Teaching Against Racism

Minneapolis Community and Technical College lecturer Shannon Gibney (who is African America) was formally reprimanded by her university after three White male students complained that they were being made to study structural racism. One student interrupted Gibney during her  Mass Communications class and asked: “Why do we have to talk about this?” Continue reading Teaching Against Racism

The Sociology of Why People Don’t Believe Science

This the story of how sociology can improve public science. I discuss the social science research explaining why some sections of the general public resist research evidence. As some of you know, I’m one of around 20 Moderators who run Science on Google+. Our Community is managed by practising scientists and our membership includes researchers as well as members of the public who are interested in science. I run the Social Science stream (along with Chris Robinson who created the Community). Our Community aims to improve the quality of science posts and public outreach, by connecting the public to real scientists. This week, we celebrated the fact that our Community has grown to 200,000 members. The Community receives numerous posts each day. We want to move discussion away from people sharing their personal opinions on “fluff” science pieces that often end up distorted in the news, and instead we’d like to focus on the relevance, validity and reliability of peer reviewed science. Invariably, we get people coming to the Community specifically looking to argue about how all science is wrong (usually with regards to social science), corrupt (often regarding life sciences), or “just a theory” (creationist arguments against the physical sciences).

These critics do not focus on the scientific content of a study. They focus on moral and cultural arguments, which to them are scientific. For example, when discussing research on gender inequality in science, there’s a variation of: “In my engineering class there’s only two women. I think that most women just aren’t interested in science. That’s not sexism to point out the truth.” (Yes, it is sexist.) When discussing research on climate change: “There’s inconclusive evidence on this!” (No, the evidence is compelling.)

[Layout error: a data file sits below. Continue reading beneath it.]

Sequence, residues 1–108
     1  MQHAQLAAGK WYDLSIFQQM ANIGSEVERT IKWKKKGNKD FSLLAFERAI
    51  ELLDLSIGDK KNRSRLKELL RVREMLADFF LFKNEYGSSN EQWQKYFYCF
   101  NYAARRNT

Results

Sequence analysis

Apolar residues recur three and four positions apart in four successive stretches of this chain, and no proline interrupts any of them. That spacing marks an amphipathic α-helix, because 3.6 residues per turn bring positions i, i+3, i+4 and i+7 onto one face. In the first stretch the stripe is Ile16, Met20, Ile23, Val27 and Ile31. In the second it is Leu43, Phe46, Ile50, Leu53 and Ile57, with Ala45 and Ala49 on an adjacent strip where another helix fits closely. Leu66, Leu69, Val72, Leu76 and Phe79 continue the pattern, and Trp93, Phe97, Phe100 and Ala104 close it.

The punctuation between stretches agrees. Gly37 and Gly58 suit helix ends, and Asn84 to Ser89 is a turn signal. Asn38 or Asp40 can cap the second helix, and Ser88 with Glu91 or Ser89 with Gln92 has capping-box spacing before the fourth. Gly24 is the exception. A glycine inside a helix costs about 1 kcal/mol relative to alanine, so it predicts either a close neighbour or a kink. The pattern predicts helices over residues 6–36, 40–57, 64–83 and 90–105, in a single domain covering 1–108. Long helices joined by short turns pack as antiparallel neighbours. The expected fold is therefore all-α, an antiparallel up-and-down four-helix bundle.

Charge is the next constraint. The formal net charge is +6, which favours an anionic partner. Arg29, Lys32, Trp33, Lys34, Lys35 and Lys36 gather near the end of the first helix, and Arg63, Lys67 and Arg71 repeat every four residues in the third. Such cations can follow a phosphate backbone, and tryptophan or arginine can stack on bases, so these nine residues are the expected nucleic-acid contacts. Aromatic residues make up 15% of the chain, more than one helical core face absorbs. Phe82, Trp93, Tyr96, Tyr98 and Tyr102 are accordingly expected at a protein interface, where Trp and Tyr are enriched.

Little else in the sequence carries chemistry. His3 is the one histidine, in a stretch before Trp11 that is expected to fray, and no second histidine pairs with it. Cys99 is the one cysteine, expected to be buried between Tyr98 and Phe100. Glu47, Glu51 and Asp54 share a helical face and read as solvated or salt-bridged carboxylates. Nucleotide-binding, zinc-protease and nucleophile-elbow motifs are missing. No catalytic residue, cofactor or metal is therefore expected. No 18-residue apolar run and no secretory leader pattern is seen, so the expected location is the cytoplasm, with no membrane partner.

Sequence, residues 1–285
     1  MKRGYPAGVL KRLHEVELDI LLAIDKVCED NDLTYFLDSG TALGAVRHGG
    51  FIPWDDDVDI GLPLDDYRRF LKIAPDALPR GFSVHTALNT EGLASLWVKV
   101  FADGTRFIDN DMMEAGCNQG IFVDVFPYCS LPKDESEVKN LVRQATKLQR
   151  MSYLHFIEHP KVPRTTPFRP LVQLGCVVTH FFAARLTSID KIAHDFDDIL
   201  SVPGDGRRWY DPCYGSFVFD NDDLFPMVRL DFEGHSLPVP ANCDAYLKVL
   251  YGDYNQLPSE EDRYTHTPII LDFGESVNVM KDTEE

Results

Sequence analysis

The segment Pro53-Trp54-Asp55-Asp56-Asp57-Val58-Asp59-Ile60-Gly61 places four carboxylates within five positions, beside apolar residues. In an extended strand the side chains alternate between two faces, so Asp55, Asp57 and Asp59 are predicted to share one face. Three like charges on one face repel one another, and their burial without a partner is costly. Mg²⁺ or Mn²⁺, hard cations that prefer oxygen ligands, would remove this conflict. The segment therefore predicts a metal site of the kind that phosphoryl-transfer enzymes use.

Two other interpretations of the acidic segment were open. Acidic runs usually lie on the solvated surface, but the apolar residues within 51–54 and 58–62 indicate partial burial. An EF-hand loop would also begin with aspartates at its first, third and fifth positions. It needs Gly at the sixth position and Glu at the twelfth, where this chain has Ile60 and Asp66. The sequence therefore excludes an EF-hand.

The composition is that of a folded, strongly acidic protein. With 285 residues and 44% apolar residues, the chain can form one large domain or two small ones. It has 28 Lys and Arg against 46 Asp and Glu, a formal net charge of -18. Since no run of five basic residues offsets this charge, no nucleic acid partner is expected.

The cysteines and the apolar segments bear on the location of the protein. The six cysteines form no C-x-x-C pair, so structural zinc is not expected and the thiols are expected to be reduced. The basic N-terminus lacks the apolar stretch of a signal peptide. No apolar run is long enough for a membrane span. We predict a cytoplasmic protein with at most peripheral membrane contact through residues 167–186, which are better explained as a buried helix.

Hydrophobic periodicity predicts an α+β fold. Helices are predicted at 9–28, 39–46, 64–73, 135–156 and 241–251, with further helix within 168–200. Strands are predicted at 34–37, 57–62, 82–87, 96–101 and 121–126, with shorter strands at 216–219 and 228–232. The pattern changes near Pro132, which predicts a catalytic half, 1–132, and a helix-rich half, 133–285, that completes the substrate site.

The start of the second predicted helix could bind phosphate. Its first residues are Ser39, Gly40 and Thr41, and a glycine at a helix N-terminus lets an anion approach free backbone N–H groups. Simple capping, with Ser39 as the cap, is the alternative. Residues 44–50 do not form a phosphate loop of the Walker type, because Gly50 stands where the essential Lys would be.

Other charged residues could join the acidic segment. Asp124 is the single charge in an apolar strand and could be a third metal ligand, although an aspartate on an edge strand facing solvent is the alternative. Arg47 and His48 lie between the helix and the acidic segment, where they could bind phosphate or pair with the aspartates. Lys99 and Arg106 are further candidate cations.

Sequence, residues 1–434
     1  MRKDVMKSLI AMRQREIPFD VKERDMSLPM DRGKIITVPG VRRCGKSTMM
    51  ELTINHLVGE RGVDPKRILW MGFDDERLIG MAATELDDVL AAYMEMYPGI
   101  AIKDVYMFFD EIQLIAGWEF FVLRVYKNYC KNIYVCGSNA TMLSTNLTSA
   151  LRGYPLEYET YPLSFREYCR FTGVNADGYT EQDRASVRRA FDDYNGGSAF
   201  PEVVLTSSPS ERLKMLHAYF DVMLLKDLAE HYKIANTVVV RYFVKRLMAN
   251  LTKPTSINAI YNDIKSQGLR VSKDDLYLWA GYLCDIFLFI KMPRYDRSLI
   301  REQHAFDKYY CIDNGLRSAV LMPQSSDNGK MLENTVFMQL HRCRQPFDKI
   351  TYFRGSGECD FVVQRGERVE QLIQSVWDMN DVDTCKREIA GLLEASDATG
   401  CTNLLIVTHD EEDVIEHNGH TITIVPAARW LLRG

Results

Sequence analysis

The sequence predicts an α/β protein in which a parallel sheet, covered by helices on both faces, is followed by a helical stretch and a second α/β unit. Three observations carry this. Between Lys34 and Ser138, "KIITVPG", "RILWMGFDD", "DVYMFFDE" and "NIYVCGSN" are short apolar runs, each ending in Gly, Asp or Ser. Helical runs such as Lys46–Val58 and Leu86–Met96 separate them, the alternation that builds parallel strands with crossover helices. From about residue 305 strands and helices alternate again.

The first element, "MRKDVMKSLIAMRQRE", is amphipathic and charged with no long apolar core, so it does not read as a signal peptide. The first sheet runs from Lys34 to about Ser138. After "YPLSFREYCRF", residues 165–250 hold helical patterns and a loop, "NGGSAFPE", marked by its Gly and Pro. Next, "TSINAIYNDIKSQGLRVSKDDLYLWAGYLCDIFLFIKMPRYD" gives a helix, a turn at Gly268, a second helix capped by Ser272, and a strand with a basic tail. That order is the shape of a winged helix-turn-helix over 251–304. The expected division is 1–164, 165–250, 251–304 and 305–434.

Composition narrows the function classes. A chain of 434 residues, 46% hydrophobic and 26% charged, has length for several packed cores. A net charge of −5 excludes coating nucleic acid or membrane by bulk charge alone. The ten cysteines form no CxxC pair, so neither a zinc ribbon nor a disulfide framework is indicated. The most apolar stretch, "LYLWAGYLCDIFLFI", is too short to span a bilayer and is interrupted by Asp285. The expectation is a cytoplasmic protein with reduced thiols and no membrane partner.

Judging you

Most of these people do not use credible scientific research to back up their claims, but they evoke some general statistics (“everyone knows…” and “countless studies show”).We ask for links to peer reviewed science, which never come.  Sometimes they post links to conspiracy videos that have no scholarly merit. Despite their lack of evidence, these people are thoroughly convinced that they are scientists or that they are very well informed on a topic. They cite ideas of science from popular culture (“science is about questioning everything!”). Otherwise they draw on something they heard in the news or they revert to personal anecdotes and subjective observations.

These critics are the exception, as most of our Community members are genuinely curious in science and learning. The problem is that these anti-scientist “scientists” take up a lot of time and they derail discussions. So what motives them?

One of our colleagues and a Curator for the excellent Science Sunday, wrote a fantastic post about how social psychology concepts might explain why people refuse to engage with scientific evidence. Chad invited me to comment on his post, and this has led me to crystallise thoughts that I’ve had circling my head since I started blogging seven years a go. Other than a sheer love of the social sciences, why bother with public science? Who is our audience? Does it “work” and how do we measure its success? How can we improve it?

My post will discuss the sociology of beliefs, values and attitudes to describe the cultural, institutional and historical ways in which the public has engaged with science. I present two case studies of “hot topics” that usually draw anti-science comments to our Community regarding gender inequality and genetically modified foods. I show how cultural beliefs about trust and risk influence the extent to which people accept scientific evidence. I go on to discuss how sociology can help improve public science outreach. Continue reading The Sociology of Why People Don’t Believe Science